In spite of its provocative title, the aim of this study is not to denigrate either America or China. The author has no ambition to participate in the almost industrial output of contemporary writings reveling in either “America bashing” or in the marketing of the China threat. The difference between the present project and anti-Americanism or Orientalism is made clear at various places within the chapters. This book’s objective is rather to examine the two countries and their relationships through the lens of a half-forgotten though classical philosophical debate: what are the distinctions between culture and civilization? Is it possible to derive a unique scheme from the ‘culture vs. civilization’ debates of Jean-Jacques Rousseau and Denis Diderot in France and by Johan Gottfried von Herder in Germany while viewing it within a contemporary global context where the United States of America and China appear as opposing forces? Is it possible to establish the concepts of ‘culture’ and ‘civilization’ as intellectual tools able to clarify and analyze an opposition that Peter Gries has identified as the confrontation of American arrogance and Chinese vanity? It is possible, especially when one links the culture-civilization debate to the theme of hyperreality whereby China has developed a hyperreal culture and America has developed a hyperreal civilization.In the end, it turns out that American civilization can be perceived as an uncanny conceptual mirror image of Chinese culture.
It is clear that this contrasts with the most common view that tends to present China and the U.S. as incompatible entities, as does, for example, Martin Jacques who writes: “The Chinese sense of cultural self-confidence and superiority, rooted in their long and rich history as a civilization-state, is utterly different from the U.S., which has no such legacy to draw on, and contrasts with Europe too, if less strongly” (Jacques 2009: 270). Comparisons establishing parallels between China and America are highly unusual and might have been delivered for the last time by a major author through Alexandre Kojève in the 1960s on some pages of his Introduction to the Reading of Hegel. Kojève meditates upon the “socialist” character of American civilization drawing daring parallels between America and communist countries such as China and the USSR: “Now, several voyages of comparison made (between 1948 and 1958) to the United States and the USSR gave me the impression that if the Americans give the appearance of rich Sino-Soviets, it is because the Russians and the Chinese are only Americans who are still poor but are rapidly proceeding to get richer” (Kojève 1969: 161). Kojève concludes that, from a certain point of view, the United States has already attained the final stage of Marxist “communism,” because here practically all the members of a “classless society” can appropriate for themselves everything that seems good to them.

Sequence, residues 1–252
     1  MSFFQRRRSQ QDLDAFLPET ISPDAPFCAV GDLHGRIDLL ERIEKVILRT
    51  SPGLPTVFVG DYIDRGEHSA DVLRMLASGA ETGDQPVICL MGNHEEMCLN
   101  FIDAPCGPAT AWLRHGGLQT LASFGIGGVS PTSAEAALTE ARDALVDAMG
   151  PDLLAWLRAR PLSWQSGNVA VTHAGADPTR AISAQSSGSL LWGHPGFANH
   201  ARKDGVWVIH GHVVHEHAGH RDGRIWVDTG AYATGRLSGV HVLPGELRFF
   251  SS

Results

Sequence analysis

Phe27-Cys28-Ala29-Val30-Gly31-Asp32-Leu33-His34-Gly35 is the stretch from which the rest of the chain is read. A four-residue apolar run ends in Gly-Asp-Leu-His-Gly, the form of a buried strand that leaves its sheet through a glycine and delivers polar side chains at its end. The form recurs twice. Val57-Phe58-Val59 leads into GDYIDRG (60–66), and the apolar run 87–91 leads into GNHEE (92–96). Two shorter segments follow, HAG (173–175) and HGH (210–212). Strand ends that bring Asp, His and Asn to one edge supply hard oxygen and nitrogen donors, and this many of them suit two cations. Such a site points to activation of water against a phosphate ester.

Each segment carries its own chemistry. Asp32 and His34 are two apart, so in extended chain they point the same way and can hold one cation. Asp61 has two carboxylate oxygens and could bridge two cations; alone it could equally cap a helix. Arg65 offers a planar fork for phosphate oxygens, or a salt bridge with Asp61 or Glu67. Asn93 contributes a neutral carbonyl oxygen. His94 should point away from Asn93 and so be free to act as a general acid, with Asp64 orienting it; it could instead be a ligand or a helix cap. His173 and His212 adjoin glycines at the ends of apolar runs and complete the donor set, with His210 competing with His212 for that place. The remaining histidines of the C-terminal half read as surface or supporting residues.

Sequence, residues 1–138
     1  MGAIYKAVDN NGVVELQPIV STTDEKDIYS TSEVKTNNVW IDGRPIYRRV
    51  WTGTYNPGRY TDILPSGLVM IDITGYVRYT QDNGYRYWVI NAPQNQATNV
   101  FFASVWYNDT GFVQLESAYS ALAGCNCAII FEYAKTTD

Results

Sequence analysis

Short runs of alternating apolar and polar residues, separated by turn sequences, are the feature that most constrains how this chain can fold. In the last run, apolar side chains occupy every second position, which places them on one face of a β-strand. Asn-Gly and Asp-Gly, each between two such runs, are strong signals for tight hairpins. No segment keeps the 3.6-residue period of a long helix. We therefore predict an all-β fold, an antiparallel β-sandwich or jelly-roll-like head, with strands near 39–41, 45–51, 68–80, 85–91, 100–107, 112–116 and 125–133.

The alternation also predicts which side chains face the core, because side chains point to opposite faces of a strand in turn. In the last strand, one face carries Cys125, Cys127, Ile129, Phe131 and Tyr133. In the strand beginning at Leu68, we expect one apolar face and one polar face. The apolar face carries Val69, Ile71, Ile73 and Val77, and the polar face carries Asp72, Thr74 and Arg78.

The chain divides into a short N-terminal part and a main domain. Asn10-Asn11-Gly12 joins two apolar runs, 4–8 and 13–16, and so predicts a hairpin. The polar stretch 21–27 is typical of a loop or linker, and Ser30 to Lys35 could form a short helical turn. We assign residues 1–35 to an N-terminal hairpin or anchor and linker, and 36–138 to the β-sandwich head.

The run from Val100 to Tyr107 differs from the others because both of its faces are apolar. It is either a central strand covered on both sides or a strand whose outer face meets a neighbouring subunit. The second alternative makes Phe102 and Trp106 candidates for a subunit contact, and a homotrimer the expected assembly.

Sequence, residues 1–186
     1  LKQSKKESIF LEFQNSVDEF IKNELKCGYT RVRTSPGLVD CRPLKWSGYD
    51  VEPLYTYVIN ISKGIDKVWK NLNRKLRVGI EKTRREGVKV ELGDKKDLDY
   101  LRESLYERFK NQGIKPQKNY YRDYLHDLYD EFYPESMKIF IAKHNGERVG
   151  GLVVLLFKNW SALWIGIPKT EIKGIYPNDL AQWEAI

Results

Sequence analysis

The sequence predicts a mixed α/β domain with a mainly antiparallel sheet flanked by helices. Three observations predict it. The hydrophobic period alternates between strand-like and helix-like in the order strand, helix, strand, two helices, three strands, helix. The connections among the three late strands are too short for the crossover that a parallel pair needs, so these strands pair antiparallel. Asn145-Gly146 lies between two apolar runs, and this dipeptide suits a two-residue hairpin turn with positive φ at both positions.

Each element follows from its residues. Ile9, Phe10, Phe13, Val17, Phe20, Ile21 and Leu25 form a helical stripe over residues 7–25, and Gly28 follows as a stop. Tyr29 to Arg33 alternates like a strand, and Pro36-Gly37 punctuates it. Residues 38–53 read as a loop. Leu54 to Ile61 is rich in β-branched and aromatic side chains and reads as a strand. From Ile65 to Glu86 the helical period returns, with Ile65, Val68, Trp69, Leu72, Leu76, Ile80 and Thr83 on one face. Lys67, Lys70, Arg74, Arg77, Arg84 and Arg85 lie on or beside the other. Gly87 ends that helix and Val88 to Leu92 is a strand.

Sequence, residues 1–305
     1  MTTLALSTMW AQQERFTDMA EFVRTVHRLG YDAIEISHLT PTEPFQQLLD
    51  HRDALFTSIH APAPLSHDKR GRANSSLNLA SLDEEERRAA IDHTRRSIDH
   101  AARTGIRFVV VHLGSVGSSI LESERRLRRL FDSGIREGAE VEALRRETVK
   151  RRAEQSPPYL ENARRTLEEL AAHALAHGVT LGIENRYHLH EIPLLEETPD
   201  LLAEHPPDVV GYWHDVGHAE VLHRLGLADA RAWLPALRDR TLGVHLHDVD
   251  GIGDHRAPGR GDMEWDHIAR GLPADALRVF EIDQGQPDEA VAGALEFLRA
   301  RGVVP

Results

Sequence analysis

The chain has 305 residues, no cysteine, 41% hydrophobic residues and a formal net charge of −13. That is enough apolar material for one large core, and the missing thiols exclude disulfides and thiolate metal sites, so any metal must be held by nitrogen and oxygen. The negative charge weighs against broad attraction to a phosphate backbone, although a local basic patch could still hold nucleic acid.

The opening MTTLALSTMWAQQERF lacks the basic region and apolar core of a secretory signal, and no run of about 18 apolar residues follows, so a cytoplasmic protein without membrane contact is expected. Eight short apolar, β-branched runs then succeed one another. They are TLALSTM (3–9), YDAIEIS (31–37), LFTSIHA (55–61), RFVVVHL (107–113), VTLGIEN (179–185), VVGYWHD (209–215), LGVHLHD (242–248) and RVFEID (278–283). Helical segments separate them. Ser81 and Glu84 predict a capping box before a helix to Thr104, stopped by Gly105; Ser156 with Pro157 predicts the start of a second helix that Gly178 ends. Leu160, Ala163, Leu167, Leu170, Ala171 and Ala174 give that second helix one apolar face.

The present study is not an exercise in ideology and not even in political theory, but rather a non-pragmatic analysis of certain concepts. I intend to philosophically question elements that are otherwise taken for granted. The first introductive chapter describes the current political situation that opposes America and China. In the second chapter, the subtle and very much contested distinction between culture and civilization is established through careful considerations of its development within European, American, and Chinese intellectual histories. All following chapters show that certain patterns that can be detected in both Chinese and American culture/civilization have led to assumptions about their own countries’ being the centers of the world, assumptions shared, to such an extent, by no other nation in the world. Further analyses developed in the present book lead to a comparison of Chinese and American nationalism, distinct ideas about religion, as well as about architecture. All these themes remain dependent on an evaluation of either culture or civilization.